Heroku Redis Maintenance Windows
Last updated December 01, 2022
Table of Contents
From time to time, Heroku must take your Redis instance offline to perform maintenance tasks. Typical tasks include upgrading the underlying infrastructure of your instance (for example, patching the operating system or required libraries) or upgrading Redis itself. This maintenance is handled automatically by Heroku.
Maintenance windows are available for all premium Redis plans.
Checking if maintenance is required for your Redis instance
You can check if maintenance is required on your Redis instance by using the
$ heroku redis:info === redis-softly-4514 (REDIS_URL) Plan: Premium 7 Status: available ... Maintenance: required by 2016-02-01 00:00:00 +0000
Setting a maintenance window
Users can specify the day of week and time (UTC) at which the maintenance occurs:
$ heroku redis:maintenance --window="Sunday 14:30"
Setting a maintenance window allows you to minimize the impact on your application and users. We recommend selecting a time when maintenance would have the least impact on your business. Maintenance windows are 4 hours long starting at the time you specify. The actual time required for maintenance depends on exactly what’s taking place, but it usually requires your Redis instance to be offline for only a few minutes. If you don’t specify a window, one is selected randomly.
Maintenance windows that can be set and manual maintenance runs are only available on premium plans.
Heroku makes the best effort to honor your maintenance window request but it isn’t guaranteed. If there’s an emergency where the security or integrity of your data is threatened, we perform the maintenance outside of your regular window at our discretion.
Will my app experience downtime?
Any maintenance requires some downtime. If you’re on an HA plan (Premium/Private tier), you’re already aware of this downtime as you have taken steps to protect yourself in the event of an outage. If you aren’t on an HA plan, we’re taking steps to ensure minimal downtime for your application. HA plans will experience some time after a maintenance where HA is unavailable while a new HA follower is created and caught up.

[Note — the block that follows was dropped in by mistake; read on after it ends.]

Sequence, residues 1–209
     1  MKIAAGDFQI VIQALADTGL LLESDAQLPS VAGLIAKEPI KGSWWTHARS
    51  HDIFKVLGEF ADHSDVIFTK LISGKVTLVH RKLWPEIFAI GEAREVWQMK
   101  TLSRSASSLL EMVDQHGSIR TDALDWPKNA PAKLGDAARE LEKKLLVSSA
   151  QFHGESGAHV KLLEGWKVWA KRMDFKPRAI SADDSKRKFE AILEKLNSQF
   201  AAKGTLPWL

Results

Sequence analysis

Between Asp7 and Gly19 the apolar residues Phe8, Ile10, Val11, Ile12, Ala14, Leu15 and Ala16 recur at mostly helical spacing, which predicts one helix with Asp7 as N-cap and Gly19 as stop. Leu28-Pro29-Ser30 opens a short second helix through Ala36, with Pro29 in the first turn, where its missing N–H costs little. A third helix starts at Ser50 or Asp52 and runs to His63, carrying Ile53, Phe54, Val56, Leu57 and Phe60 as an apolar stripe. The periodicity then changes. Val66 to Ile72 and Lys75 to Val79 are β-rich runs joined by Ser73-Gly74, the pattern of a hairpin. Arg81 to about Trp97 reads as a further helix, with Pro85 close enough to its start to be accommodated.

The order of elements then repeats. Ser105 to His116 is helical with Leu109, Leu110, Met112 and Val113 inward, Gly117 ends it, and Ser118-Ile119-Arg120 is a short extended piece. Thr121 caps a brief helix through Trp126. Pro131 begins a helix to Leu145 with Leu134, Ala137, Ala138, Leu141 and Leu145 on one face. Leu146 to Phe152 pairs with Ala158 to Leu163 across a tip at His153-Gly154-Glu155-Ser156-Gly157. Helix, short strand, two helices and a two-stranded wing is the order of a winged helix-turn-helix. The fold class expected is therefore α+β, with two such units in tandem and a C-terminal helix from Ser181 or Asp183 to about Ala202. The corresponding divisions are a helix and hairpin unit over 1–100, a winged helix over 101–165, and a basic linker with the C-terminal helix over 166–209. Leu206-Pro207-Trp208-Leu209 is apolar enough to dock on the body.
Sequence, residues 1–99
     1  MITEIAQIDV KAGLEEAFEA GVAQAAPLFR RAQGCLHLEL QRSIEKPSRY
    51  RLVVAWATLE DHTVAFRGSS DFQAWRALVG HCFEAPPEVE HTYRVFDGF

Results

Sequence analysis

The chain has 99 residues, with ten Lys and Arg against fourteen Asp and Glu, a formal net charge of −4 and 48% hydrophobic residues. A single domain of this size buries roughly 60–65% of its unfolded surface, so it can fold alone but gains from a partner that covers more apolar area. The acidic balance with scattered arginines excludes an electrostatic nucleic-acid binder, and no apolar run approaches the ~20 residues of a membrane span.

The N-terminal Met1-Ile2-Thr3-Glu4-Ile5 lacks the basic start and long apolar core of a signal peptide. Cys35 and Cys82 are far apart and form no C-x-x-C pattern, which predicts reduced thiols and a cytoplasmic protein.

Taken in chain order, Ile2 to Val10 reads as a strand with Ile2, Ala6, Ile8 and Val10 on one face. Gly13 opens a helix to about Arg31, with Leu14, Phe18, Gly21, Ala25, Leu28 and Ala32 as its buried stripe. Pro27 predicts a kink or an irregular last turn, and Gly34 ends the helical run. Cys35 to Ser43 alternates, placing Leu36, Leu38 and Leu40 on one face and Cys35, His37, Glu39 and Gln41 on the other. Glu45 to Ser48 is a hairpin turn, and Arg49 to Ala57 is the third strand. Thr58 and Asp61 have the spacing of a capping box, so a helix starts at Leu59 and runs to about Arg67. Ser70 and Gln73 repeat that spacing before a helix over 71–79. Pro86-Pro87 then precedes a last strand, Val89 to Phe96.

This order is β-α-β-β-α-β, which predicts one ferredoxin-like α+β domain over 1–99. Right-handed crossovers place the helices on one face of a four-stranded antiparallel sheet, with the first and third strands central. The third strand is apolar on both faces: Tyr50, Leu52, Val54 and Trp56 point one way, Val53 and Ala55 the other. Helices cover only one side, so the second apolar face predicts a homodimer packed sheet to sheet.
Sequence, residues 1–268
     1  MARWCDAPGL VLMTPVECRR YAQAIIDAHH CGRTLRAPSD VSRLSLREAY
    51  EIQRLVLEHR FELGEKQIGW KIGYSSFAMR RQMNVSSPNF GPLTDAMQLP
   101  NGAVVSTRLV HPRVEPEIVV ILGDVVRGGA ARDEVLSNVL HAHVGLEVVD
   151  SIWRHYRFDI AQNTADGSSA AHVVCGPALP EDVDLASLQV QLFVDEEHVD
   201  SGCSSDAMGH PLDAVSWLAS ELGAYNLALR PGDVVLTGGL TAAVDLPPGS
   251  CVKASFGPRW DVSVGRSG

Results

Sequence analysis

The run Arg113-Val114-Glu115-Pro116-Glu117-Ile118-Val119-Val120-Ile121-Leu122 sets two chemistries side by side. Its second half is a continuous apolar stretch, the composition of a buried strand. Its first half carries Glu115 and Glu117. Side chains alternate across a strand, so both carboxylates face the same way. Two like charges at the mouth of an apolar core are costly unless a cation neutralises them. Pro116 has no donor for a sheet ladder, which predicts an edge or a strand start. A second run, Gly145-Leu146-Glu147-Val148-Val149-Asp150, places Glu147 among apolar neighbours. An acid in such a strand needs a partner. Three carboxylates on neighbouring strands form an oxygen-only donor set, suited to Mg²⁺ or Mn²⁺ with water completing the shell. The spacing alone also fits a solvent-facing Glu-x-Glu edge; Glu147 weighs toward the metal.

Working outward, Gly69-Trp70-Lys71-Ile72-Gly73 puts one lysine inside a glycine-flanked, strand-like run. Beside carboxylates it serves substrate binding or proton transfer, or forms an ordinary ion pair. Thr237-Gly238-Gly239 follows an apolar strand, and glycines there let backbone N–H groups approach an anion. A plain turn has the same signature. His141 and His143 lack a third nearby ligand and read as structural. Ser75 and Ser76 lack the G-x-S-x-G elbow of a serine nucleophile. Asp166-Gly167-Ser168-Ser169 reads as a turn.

When the maintenance is triggered, the Primary Redis fails over to the Standby Redis. Your total downtime depends on your application’s ability to recover from that failover. This downtime, for most customers, is measured in a handful of minutes.
Do I need to do anything to perform the maintenance?
There are three different ways for maintenance to occur. The most common way is to do let Heroku perform the maintenance for you. We use your databases maintenance window to determine the best time to run this maintenance automatically.
The following two methods are triggered manually by you.
If you wish to run your maintenance manually you can do so in one of two ways. The first method is via
heroku redis:maintenance --run --force. This immediately fails over to your HA Standby or the hidden Standby if it’s caught up. Your application immediately restarts and is pointed to the new Primary (former Standby). The impact for this option would be similar to the case where Heroku performs the maintenance for you.
The other method involves putting your application into maintenance mode before performing the failover. This method can have benefits such as providing a clean landing page for your users, but total downtime can be longer as it’s a manual process to enable and disable maintenance mode. We have more detailed information on the maintenance mode page.